This hour-long made-for-television film starring The Beatles first aired on BBC1 on 26 December 1967. The public and critics attacked the movie the very next day, which kept it from being screened on American television (although it later appeared in selected cinemas in the US).
Paul McCartney defended the Boxing Day screening on British TV by saying “The Queen’s speech was hardly a gasser”.
An ambitious attempt to capture on film the visual cacophony of their successful feature films A Hard Day’s Night and Help!, it was conceived and executed in haste, without any realisation of the work that goes into even a short movie.
The simple (but innovative) concept was to load a colourfully-painted bus with several “characters” – including several dwarfs and circus performers – and travel around the English countryside (mainly Cornwall) for four days in September 1967, and film whatever ended up happening. Nothing much did.
Not even the songs – I Am The Walrus and Fool On The Hill among them – could save it.
Up until this point, The Beatles‘ manager Brian Epstein had kept the quartet’s creative endeavours on the right track. Unfortunately, Epstein died in August 1967 (before Magical Mystery Tour had entered the conceptual preproduction phase) and it became their first project without Brian.
John came up with one sequence in which he played a restaurant waiter serving mounds of spaghetti with a shovel. George Harrison‘s Blue Jay Way sequence found him sitting cross-legged on the floor with multiple swirling images of himself whirling around. There is also a burlesque show number in the middle of proceedings.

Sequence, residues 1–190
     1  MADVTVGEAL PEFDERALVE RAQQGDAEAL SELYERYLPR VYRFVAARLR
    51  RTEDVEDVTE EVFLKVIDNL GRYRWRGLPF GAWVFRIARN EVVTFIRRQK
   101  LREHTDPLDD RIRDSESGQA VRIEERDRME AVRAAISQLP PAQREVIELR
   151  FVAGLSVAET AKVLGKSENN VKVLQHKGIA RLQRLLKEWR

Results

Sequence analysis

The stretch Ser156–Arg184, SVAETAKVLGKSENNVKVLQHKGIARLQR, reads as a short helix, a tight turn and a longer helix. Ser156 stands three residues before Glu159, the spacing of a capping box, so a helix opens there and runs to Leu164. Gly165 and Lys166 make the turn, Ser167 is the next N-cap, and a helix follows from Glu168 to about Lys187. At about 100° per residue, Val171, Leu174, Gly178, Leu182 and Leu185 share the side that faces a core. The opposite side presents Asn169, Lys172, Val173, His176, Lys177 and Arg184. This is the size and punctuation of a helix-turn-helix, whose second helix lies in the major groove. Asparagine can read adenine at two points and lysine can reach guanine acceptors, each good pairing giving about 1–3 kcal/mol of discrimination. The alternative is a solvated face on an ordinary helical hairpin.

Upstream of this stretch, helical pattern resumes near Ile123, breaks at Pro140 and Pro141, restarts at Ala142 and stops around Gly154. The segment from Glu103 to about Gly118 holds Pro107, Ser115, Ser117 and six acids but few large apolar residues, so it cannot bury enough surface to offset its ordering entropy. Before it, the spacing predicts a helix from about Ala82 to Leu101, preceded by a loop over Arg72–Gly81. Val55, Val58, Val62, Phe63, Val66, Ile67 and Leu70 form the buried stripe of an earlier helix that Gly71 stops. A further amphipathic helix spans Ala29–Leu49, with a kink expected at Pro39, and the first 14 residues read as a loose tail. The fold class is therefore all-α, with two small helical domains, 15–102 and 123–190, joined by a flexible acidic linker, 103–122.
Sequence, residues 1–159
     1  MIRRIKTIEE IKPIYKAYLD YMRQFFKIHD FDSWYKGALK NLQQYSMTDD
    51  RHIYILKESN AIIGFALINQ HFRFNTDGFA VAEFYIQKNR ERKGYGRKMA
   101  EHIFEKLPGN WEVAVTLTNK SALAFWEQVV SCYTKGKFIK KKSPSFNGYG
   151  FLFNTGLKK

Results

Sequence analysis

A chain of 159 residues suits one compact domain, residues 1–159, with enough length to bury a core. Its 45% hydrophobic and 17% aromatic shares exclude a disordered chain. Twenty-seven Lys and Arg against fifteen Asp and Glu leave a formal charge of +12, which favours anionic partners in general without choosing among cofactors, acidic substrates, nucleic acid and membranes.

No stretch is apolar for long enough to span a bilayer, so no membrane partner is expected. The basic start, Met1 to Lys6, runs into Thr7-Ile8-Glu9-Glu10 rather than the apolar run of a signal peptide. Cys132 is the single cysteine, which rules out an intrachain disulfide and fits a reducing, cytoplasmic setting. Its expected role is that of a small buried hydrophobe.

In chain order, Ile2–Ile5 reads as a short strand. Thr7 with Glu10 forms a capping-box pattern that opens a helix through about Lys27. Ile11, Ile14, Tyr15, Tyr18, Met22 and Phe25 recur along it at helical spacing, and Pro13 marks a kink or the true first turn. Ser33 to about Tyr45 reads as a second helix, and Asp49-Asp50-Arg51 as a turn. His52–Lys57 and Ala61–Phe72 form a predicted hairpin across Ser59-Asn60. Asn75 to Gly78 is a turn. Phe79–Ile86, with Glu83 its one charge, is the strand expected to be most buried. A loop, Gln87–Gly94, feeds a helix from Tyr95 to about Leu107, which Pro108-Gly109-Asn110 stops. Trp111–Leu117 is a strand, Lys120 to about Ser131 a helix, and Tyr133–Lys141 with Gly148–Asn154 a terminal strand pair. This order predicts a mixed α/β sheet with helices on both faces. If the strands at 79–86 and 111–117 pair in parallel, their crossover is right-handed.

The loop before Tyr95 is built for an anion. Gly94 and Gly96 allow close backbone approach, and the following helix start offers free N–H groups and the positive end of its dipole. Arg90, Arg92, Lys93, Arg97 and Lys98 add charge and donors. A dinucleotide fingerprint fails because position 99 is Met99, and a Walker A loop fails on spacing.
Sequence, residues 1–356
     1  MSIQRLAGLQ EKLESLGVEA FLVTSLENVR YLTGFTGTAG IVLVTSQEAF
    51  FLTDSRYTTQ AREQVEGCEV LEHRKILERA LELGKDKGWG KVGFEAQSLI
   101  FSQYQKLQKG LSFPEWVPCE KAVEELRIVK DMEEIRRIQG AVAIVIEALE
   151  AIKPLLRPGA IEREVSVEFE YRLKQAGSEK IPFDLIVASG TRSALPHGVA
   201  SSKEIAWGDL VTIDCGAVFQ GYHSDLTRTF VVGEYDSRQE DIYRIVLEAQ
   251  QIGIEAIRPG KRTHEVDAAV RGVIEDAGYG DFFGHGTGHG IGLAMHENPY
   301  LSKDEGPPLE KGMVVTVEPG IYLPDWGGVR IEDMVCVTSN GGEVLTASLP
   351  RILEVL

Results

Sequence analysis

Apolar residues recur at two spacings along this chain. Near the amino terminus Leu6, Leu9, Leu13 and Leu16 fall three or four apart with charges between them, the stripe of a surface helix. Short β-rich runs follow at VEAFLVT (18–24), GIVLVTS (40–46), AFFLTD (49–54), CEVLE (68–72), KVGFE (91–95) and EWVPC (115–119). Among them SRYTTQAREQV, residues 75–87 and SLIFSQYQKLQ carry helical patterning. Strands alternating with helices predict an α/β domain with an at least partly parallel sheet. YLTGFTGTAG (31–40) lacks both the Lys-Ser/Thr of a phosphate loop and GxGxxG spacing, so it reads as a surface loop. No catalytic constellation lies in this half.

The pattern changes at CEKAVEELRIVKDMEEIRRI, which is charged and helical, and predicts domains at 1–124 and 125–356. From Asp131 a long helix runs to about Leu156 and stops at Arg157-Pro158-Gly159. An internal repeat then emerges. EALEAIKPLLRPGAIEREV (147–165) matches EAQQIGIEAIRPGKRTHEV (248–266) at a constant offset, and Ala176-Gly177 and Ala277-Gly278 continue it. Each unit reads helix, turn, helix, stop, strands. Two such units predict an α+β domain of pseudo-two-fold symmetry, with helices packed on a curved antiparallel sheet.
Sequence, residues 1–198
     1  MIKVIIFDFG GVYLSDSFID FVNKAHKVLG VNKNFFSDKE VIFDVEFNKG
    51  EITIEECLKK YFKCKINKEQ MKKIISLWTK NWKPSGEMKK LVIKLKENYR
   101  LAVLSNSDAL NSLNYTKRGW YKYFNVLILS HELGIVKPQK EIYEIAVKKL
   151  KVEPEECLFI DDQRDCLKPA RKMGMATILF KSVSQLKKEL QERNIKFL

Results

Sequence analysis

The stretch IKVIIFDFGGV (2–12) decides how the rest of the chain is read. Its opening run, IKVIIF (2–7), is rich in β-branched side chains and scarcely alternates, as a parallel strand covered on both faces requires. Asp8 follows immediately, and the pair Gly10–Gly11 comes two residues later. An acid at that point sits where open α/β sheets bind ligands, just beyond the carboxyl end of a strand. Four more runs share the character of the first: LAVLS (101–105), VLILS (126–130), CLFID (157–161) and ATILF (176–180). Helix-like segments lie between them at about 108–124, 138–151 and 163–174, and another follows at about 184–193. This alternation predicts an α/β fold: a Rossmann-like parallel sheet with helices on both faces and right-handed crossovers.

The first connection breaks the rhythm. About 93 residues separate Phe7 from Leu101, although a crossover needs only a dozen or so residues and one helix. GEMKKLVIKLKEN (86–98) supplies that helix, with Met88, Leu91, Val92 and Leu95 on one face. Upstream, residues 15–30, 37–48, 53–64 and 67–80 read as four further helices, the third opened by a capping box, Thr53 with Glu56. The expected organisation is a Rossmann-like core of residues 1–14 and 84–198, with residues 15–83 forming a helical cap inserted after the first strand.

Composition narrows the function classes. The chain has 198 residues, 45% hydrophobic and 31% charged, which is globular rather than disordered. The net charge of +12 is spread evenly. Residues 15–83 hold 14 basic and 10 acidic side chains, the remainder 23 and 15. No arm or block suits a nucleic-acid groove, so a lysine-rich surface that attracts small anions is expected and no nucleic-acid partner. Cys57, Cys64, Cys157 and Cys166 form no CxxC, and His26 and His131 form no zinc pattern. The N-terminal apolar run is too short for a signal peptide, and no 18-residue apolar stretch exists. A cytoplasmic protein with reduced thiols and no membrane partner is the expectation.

Paul’s Fool On The Hill sequence was actually filmed atop a hill in Nice, France, at a cost of more than £4,000 for that single clip.
The finale – a mock Busby Berkley production number – features forty dwarfs, twelve babies and a complete military marching band.
The Beatles descend a long grand staircase in white tuxedos with tailed jackets singing Your Mother Should Know.
The one Beatle who came across the best was Ringo, who embarked on the tour with his fictional Auntie Jessie (Jessie Robins), who was argumentative until the “magic” of the bus took her over.
The movie was edited and re-edited so many times by the group that it makes little sense in its final version, and was such a critical failure in Britain that over the intervening years, the original copy of the film was somehow lost.
In the 1980s, a second-generation copy surfaced and was broadcast on the USA Cable Network.
Although flawed creatively and edited in a very disjointed fashion, it is still fun to see a visual representation of The Beatles‘ creativity circa 1967.
Ringo’s Auntie Jessie
Hostess Wendy Winters
Mandy Weet (Miranda Forbes)
Jolly Jimmy Johnson
Little George the Photographer
Bonzo Dog Doo Dah Band